There is no shortage of great Oregon Ducks playing in the NFL. From the many years of drafts to the guys who have caught on as undrafted free agents. Oregon has a track record of great success in the highest level of professional football. In recent years, the very best of Oregon have found their way to the NFL and been highly successful. In the history of the Ducks, there have been 227 players drafted to play in the league. The very first player drafted was Stan Riordan back in 1936 during the fifth round to the Cardinals.
Of course, the draft looked much different back then, and the spectacle that is draft weekend has completely changed the way we look at college players and their importance. 227 is a lot of players to be drafted, and there are different ways to judge the best draft picks of Oregon players. I thought it’d be fun to break down three picks as the overall best, the most hyped, and the ultimate steal.
The Best Draft Pick: Dan Fouts, QB, San Diego Chargers – 1973 3rd Round, Pick 64
Dan Fouts may be the all-time greatest player to suit up in the NFL from Oregon. Of course, guys like Justin Herbert and Penei Sewell would like to hold that title when all is said and done, but the resume that Fouts put together in his career is nothing short of impressive. Quarterbacks like Bert Jones, Ron Jaworski, and Joe Ferguson were taken before Fouts. None of those guys are in the Hall of Fame, but the former Oregon Duck is enshrined in Canton.
Fouts was a First-Team All-Pro twice, went to six Pro Bowls, was named the Offensive Player of the Year, and led the league in passing yards in four different seasons. Fouts was named to the 1980’s All-Decade Team and has his number 14 retired by the Chargers. It truly is fitting that Justin Herbert is now following in the former QBs footsteps with the Chargers organization, even if they do play in different towns.
Fouts set 19 school records when he played for the Ducks back in the days of the Pac 8. His entire 15-year NFL career was played with the Chargers, a very rare feat nowadays. Fouts set 9 franchise records for the Chargers in what became a very successful lineage of NFL QBs.
The Most Hyped: Marcus Mariota, QB, Tennessee Titans – 2015 Round 1, Pick 2
Whenever there is a QB battle at the top of the draft, there is certainly going to be a lot of hype surrounding the pick. In 2015, Jameis Winston and Mariota were entering the NFL Draft, and there was a massive debate as to who should be the first overall pick. Both players had won the Heisman Trophy, both players had played in National Championship games, and both guys had similar styles. Mariota was more of a runner, and Winston had a much bigger arm. Many were split right down the middle on who the Tampa Bay Buccaneers should have drafted with the first overall pick, but ultimately it was Winston who went off the board first.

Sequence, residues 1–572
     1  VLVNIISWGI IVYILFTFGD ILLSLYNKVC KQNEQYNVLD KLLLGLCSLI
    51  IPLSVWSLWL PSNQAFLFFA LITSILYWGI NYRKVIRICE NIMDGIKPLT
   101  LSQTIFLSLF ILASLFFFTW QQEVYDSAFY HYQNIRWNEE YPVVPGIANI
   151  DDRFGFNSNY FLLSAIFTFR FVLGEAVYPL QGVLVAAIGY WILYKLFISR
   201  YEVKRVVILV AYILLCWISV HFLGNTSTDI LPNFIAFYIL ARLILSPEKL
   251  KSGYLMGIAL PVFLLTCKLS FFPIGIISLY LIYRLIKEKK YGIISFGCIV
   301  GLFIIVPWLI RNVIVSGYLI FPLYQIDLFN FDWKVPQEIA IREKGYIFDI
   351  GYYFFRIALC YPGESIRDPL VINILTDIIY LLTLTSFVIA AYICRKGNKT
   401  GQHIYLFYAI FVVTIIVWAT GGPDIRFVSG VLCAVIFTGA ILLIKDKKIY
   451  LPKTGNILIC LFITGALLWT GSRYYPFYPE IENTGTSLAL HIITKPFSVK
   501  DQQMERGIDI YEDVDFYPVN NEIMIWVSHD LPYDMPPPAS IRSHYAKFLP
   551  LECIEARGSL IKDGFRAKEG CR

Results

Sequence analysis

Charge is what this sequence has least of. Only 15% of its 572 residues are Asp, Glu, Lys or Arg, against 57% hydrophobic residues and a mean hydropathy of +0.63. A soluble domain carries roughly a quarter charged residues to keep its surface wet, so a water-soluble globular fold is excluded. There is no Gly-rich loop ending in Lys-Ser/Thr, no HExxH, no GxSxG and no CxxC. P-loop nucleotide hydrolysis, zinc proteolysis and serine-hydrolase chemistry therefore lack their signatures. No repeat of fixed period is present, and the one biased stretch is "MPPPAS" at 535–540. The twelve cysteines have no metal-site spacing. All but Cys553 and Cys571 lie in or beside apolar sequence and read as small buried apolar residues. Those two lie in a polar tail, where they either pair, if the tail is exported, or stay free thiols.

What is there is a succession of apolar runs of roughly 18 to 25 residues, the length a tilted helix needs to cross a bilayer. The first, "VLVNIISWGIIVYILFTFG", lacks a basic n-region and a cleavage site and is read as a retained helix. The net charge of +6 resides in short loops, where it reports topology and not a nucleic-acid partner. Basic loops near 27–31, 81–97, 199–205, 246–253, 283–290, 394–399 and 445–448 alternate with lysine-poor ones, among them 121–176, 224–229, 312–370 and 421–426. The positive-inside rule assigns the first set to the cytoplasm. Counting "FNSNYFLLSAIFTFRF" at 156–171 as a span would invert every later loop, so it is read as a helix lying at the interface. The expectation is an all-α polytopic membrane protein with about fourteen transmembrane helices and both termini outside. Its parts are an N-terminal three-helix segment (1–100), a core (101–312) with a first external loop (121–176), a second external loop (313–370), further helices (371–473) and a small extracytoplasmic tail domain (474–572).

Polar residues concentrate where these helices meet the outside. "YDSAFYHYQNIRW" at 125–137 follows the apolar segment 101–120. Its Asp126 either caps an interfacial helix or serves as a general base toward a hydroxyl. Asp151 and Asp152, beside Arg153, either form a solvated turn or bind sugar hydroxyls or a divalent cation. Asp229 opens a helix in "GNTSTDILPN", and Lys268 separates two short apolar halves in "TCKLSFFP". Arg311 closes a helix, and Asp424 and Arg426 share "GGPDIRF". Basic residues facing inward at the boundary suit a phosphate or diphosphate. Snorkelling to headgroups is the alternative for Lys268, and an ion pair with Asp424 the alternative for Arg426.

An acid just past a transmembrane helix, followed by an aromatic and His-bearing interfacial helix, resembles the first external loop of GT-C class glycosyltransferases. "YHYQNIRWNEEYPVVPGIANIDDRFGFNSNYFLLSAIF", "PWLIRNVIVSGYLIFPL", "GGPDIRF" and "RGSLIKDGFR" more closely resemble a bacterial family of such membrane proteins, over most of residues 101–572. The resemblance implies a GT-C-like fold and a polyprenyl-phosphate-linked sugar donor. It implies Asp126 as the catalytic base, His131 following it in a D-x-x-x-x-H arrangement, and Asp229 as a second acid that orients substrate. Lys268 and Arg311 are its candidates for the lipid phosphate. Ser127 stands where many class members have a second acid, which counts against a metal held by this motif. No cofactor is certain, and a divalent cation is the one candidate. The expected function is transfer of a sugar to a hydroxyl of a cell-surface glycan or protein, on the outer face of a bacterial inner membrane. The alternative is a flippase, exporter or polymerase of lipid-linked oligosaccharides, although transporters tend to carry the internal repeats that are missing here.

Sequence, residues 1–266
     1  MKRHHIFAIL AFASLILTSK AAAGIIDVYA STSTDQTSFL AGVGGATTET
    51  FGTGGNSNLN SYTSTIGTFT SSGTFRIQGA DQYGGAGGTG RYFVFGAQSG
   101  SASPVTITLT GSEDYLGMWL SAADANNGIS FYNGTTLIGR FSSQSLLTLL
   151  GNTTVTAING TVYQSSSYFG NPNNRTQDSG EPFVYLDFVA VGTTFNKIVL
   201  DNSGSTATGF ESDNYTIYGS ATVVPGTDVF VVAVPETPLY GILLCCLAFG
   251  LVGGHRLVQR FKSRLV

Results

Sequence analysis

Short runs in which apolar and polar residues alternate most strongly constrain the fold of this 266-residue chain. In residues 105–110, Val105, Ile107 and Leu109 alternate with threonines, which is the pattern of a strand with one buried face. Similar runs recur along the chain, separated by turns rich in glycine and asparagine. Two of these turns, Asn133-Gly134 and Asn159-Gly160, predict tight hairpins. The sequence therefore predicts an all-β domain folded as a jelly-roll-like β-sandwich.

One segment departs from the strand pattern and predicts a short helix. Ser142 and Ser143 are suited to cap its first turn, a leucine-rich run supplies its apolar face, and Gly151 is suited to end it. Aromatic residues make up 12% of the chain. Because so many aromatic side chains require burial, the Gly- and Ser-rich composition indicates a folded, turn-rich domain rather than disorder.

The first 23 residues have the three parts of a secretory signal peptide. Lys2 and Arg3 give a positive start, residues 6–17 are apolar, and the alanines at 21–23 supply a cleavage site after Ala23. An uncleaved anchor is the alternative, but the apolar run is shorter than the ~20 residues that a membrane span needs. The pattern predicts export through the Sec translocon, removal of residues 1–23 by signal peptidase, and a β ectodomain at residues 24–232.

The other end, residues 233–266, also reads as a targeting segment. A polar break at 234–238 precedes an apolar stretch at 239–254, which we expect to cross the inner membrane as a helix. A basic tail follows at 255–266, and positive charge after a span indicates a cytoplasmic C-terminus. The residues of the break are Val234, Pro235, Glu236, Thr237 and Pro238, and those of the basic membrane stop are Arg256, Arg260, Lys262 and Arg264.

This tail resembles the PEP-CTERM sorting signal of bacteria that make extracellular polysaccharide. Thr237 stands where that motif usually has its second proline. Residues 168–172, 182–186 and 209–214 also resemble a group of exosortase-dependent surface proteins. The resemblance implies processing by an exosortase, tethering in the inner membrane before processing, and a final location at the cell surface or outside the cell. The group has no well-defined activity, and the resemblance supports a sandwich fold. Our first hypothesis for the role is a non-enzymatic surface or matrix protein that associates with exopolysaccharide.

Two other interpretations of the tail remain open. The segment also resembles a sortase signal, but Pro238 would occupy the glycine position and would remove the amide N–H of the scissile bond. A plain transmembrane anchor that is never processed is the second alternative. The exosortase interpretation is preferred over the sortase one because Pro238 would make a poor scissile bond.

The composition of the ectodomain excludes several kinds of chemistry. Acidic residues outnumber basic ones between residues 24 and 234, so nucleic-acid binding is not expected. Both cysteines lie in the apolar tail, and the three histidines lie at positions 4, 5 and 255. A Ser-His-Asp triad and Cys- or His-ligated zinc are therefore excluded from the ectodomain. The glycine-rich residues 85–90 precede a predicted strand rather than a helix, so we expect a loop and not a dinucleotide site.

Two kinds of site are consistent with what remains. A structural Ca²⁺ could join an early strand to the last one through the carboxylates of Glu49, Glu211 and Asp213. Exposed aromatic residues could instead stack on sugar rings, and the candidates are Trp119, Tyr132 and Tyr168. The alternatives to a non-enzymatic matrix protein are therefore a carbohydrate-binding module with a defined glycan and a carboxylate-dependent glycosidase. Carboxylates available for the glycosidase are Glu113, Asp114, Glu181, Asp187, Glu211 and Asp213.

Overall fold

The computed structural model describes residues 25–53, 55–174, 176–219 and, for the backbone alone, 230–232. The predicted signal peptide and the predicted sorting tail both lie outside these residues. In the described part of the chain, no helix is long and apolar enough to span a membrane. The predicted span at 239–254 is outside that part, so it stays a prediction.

With Mariota still there at two, the Titans snagged him. The Titans have had success in recent years, but when Mariota was drafted, he was thought of as the guy who could save the franchise. It had been many years since the Steve McNair days, and Vince Young hadn’t quite panned out how fans had hoped.
Mariota’s career in Tennessee was by no means terrible, but it wasn’t enough from the second overall pick. In five seasons with the Titans, the QB got his team to the playoffs just once and was benched six games into his final year there. He put together his best year in 2016 when he threw for 3,426 yards, 26 touchdowns, and rushed for another 349 yards and two scores. He could never replicate a season like this again and now plays as a backup in Las Vegas.
The Ultimate Steal: George Martin, DE, New York Giants – 1975, Round 11, Pick 262
I know what you’re thinking…11 rounds?? The NFL Draft used to look much different than it does now, and there were many, many rounds. That’s how former Oregon Duck George Martin found himself being drafted in the 11th round with the 262nd pick. It seems like his career was doomed, and he’d be a longshot to make any team. Honestly, any team that drafts in the 11th round hopes they get a guy who can stick around for 1 to 2 seasons and add depth to their team.
George Martin exceeded those expectations. He spent 14 seasons with the Giants, is in the team’s Ring of Honor, and was a team captain during the 1987 Super Bowl. Martin amassed 46 sacks and seven touchdowns in his career as a defensive end. He set an NFL record in 1985 for most touchdowns by a defensive end with five. The Super Bowl Champion seems like the most unlikely of hero’s for the Giants but had a long and successful career.
Despite being such a late pick, Martin had some extremely memorable moments in his career, including a sack of John Elway in that Super Bowl win which resulted in a safety. It cut down the Broncos lead heading into halftime and was the turning point for an offensive explosion for New York.